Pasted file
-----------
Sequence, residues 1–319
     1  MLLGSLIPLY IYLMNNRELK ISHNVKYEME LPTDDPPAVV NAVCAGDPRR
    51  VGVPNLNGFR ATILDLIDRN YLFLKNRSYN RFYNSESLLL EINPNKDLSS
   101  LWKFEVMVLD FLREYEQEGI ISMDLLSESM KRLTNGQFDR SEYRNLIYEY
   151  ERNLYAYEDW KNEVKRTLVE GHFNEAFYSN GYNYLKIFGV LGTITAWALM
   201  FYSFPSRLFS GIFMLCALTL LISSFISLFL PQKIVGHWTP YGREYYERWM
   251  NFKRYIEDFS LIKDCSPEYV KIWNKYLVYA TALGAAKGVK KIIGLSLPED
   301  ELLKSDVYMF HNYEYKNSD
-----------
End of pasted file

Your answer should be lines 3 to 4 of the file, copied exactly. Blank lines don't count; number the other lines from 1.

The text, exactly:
    51  VGVPNLNGFR ATILDLIDRN YLFLKNRSYN RFYNSESLLL EINPNKDLSS
   101  LWKFEVMVLD FLREYEQEGI ISMDLLSESM KRLTNGQFDR SEYRNLIYEY